Djcnor’s Weblog

Gender Diversity and Decisions

Posted on: February 10, 2009

I have to thank my husband for pointing out this story to me:

http://www.nytimes.com/2009/02/08/opinion/08kristof.html?emc=eta1

The gist of the story is that homogeneous groups, such as the groups of old white upper-class men we’ve had making decisions (they point out Wall Street in particular) make bad decisions. In fact, in groups, women and men have very distinct styles of decision making.

I knew this was true for children and young people. If you ever want to read a book that will contribute to your observations of human behavior for  the rest of your life, read Carol Gilligan’s book In a Different Voice .

http://en.wikipedia.org/wiki/Carol_Gilligan

about the progression in considerations of moral decision making as boys and girls grow up.  The differences are very interesting. For example, girls, in order to include everyone in the group, will adjust the rules to accomodate a person who might not otherwise participate. Boys will “sacrifice” that person (and the relationship) to preserve rules. Girls start by putting their own well-being last and move toward  an understanding that they can’t do their best for others without taking care of themselves. Boys start by putting their personal interests above those of others and progress to an understanding that they will need to accomodate others in order to further their own interests.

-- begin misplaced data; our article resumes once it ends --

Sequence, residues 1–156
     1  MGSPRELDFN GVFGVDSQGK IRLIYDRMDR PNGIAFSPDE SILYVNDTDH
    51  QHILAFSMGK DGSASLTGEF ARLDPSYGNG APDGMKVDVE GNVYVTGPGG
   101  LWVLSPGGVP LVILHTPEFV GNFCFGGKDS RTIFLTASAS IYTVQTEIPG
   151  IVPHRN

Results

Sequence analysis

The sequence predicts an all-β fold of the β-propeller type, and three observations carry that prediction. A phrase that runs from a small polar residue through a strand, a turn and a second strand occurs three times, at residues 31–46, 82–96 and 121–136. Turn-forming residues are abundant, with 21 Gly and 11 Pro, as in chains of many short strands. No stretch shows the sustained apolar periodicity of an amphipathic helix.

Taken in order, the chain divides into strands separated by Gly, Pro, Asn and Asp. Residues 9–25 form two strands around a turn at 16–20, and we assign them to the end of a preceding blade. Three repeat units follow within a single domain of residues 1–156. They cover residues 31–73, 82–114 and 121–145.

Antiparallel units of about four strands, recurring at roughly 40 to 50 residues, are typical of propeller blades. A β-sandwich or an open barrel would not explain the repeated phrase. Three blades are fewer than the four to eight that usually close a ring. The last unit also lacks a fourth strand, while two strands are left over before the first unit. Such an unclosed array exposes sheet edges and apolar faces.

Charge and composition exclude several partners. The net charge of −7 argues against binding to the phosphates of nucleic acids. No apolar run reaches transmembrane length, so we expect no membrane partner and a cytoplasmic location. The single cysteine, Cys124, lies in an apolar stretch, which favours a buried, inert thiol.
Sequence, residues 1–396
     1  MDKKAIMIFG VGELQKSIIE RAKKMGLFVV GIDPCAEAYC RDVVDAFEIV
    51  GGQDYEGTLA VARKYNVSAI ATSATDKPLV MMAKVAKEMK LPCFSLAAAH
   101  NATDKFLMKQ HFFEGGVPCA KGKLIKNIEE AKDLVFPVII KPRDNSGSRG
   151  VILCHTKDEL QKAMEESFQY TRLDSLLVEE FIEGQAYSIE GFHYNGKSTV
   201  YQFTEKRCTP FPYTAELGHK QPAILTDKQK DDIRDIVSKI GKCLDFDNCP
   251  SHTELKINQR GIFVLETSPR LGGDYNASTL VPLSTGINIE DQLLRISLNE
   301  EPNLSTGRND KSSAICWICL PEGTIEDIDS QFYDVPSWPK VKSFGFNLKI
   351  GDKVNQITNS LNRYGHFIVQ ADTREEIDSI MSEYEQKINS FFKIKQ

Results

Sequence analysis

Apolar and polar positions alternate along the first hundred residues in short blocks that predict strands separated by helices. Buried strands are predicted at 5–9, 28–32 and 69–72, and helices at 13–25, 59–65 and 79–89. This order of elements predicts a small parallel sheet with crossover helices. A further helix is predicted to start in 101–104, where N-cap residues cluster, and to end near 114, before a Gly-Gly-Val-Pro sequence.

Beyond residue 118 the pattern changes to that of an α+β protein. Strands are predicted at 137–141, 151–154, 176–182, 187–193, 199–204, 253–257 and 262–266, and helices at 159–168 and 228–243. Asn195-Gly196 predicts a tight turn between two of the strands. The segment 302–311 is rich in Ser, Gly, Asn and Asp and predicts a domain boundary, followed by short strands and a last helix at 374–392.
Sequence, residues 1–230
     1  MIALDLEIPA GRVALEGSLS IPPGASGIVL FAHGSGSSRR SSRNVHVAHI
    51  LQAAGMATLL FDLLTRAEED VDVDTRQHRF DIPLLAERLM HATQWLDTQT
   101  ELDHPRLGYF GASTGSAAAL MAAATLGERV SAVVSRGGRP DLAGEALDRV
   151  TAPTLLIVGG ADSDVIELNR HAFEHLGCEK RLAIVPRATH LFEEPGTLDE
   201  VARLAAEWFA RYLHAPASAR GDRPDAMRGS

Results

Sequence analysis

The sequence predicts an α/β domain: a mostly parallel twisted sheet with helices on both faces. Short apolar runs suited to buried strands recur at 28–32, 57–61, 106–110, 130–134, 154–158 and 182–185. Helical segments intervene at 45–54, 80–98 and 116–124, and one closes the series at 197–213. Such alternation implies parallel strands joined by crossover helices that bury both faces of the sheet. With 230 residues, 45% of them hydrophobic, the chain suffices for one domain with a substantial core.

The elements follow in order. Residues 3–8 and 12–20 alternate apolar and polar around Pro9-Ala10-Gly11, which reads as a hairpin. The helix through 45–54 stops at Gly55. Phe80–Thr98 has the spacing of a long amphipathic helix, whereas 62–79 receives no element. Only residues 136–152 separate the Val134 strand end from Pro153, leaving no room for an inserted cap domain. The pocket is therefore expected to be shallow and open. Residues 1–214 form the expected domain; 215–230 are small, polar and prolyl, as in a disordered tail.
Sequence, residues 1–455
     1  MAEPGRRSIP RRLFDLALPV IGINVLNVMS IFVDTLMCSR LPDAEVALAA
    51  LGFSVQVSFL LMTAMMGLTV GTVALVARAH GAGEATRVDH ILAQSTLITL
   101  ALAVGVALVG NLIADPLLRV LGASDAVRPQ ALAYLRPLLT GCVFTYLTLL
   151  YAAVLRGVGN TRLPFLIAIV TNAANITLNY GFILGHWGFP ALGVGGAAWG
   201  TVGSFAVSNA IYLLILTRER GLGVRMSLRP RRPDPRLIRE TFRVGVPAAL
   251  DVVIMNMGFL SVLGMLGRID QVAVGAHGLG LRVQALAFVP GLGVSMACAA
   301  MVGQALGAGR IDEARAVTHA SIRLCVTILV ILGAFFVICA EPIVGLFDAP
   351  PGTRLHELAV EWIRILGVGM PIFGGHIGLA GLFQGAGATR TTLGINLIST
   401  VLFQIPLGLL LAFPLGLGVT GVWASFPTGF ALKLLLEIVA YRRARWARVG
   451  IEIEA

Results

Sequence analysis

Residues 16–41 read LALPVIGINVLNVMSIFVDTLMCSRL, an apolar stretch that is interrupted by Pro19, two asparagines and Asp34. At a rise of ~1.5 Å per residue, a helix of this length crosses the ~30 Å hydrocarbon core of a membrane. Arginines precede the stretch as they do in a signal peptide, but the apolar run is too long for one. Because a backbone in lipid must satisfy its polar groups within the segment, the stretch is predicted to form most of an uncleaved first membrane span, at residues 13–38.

Well, it seems there’s more to the story. The World Economic Forum came to the conclusion that the world would not be in the economic mess it is in if more women had been involved in the decision making of banks and other financial institutions.

It seems that a trader’s level of testosterone in the morning correlates highly with two things, generally their profitability for the day, but also their tendency to take risks. This might seem all good on first impressions, but it also means that when the risks don’t pay off, they crash big. What’s worse is, when males find themselves under financial pressure and around other men of similar status, they are particularly likely to take high-risk chances. (So it’s true that they never really grow up!)

On the other hand, women’s risk taking was unaffected by whether they were around other women of equal status and whether they were under financial stress.

Interestingly, after noting that having more women around might have saved us from this crisis, the article says as an aside: “After all, we also saw some unexpected gains from the balance resulting from women’s suffrage.” I’m going to have to do some research on that one, since the article only cites that having women voting changed the behavior of politicians, particularly regarding public health programs.

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